PIPE DREAMS… Squid’s been sad to see how much destruction the recent storms have wrought in Monterey County, as the region saw too much rain in too short a time, a phenomenon likely to occur more frequently as climate change continues to worsen.

So Squid was surprised when, on Jan. 13, the county announced it would begin making “small” releases of water from Lake Nacimiento to reduce the risk of the reservoir’s water flooding over the dam. Squid was less surprised when Squid looked at the data, which shows the reservoir went from 27-percent capacity on Dec. 31 to 89-percent capacity on Jan. 17 – a whopping increase of 62 percent. Lake San Antonio, which has less inflow, increased from 11-percent capacity to 33 percent in that same time period.

Which got Squid thinking: What if there was a tunnel between the two lakes so that water from Nacimiento could move into San Antonio so as to not spill more water into an already flooded river, and store more for the drought. Oh wait! Such a project already exists! On Jan. 20, the public review period will begin for the draft environmental impact report for the county’s Interlake Tunnel project, an idea that has been in the works since at least 1991.

Here’s to hoping the recent flooding can at least motivate the powers that be to finally push the project over the finish line, though there will likely, Squid suspects, be questions about who should pay for it.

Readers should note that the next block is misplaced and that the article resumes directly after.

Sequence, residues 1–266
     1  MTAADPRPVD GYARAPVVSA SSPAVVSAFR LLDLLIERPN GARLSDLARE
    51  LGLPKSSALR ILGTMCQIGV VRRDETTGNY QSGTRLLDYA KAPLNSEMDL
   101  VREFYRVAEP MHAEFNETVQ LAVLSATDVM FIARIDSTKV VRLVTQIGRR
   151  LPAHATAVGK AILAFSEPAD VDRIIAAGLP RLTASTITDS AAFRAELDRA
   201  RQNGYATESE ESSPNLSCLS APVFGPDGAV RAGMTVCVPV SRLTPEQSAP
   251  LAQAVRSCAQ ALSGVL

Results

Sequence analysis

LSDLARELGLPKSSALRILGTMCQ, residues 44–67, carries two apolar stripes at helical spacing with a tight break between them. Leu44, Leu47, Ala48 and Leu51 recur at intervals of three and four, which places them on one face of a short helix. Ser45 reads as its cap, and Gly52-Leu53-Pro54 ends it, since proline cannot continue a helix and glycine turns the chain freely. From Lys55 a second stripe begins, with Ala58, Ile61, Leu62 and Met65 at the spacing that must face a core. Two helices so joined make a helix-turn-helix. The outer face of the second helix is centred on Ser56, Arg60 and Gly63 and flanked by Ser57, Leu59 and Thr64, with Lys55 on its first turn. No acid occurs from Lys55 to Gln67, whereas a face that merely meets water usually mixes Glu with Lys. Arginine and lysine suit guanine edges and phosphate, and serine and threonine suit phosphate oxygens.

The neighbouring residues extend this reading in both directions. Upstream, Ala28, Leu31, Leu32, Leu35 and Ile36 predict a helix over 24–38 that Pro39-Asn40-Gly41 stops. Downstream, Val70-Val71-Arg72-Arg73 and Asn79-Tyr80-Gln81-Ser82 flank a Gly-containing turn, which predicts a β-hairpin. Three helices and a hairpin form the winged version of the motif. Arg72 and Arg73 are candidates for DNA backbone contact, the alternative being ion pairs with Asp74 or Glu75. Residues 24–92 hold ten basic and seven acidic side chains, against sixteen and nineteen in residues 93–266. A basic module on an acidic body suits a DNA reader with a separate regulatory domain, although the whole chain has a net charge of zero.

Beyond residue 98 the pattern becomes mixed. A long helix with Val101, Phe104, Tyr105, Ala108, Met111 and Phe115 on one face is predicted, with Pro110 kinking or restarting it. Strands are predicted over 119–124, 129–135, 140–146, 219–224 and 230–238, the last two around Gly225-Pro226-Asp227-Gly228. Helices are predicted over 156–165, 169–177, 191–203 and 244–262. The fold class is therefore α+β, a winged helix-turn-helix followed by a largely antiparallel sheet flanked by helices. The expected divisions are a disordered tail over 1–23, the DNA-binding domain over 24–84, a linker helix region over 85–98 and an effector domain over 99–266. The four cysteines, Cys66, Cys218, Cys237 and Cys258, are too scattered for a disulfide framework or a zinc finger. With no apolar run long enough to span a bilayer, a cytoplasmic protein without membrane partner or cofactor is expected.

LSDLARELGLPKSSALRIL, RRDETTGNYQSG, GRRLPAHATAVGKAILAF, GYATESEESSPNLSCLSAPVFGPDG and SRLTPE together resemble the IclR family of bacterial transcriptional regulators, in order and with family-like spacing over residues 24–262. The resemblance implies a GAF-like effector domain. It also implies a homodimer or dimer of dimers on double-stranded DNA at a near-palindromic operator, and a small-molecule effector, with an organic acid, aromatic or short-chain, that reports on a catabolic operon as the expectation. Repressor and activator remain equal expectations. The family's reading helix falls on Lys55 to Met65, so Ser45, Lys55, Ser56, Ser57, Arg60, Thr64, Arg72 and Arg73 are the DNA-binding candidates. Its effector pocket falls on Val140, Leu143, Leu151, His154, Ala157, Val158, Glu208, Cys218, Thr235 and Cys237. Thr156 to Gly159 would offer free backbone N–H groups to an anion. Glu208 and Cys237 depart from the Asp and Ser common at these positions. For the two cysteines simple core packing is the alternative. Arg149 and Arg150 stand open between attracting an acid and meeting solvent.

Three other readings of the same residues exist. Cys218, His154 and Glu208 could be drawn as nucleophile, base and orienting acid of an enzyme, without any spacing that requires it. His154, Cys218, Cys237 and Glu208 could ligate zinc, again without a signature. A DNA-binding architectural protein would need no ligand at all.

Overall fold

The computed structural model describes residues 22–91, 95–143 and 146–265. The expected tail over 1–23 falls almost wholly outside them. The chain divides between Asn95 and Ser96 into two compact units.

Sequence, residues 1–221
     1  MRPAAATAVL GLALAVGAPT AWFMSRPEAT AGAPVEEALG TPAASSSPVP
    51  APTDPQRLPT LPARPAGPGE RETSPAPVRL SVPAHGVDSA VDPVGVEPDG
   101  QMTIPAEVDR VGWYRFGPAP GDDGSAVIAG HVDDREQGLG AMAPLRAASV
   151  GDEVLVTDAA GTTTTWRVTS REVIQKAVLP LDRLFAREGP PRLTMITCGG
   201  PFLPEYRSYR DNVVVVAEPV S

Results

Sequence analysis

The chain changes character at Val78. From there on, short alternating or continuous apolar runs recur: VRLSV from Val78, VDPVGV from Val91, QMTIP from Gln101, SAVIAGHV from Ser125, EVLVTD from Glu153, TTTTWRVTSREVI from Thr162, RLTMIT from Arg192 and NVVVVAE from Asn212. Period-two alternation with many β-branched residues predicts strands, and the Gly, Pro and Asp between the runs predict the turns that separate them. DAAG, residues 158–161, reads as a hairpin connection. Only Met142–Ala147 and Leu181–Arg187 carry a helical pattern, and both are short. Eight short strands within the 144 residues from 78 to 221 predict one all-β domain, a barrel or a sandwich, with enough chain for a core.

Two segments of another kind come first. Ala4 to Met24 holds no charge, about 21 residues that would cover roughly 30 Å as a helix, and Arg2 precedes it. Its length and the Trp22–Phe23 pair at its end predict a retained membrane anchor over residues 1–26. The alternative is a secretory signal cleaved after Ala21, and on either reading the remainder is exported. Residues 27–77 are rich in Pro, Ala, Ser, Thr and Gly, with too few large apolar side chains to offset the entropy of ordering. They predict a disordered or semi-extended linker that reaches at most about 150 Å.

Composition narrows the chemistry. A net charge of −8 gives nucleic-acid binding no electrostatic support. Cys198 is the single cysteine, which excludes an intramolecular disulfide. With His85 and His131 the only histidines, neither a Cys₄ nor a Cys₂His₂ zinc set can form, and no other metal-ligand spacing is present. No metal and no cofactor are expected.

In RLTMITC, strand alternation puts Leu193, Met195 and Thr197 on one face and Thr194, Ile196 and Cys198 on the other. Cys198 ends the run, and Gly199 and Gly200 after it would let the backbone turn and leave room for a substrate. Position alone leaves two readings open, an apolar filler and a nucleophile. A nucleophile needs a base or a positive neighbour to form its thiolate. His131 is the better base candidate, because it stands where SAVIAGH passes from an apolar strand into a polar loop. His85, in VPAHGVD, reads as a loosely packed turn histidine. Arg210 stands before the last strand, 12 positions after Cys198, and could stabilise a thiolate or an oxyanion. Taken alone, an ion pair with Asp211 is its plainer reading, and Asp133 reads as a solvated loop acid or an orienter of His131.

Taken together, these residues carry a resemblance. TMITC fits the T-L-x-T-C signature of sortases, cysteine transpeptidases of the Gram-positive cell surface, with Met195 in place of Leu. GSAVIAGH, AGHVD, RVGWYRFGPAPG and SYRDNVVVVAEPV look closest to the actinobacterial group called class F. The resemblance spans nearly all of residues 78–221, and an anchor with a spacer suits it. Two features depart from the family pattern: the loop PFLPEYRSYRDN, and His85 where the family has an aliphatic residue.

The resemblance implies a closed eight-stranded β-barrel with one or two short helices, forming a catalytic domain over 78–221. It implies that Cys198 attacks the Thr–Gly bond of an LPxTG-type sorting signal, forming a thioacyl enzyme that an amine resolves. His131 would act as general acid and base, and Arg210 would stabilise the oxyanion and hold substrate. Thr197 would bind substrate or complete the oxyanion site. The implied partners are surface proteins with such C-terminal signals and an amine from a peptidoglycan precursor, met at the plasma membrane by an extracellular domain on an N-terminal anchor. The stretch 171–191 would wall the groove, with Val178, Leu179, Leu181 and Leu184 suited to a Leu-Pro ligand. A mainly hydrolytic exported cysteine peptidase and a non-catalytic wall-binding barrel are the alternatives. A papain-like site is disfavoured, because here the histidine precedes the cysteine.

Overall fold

HOT SEAT… Just when Squid thought the drama of the 2022 election was over, Squid was reminded: The actual work of electeds is just beginning. And first on the list is the process of appointing members to serve on various boards. Unsurprisingly, some of the drama that played out during the election was also at work in the appointment process (see story, left).

So it was on Tuesday, Jan. 10, when Salinas City Council met, and Squid was reminded of a scene of killer whales attacking their prey – strength in numbers. Mayor Kimbley Craig found herself fighting for a seat on the board of Monterey One Water, when newly elected Andrew Sandoval argued the seat should instead go to councilmember Anthony Rocha. Rocha advocated for himself, with a not-so-subtle dig at Craig: “I’m someone who doesn’t give an extra ear to corporate special interest groups.”

Craig offered a few reasons she thought she should be appointed, such as more experience in water issues and having previously served as an M1W alternate. She’d recommended appointing Rocha to everything else he wanted. Besides, she suggested: “If you don’t like what I’m doing, take me off next year.”

Rocha had done the post-election math – “The reality is we have a different council majority,” he said – but the council voted 4-3 to appoint Craig. Even killer whales do not always catch their prey.

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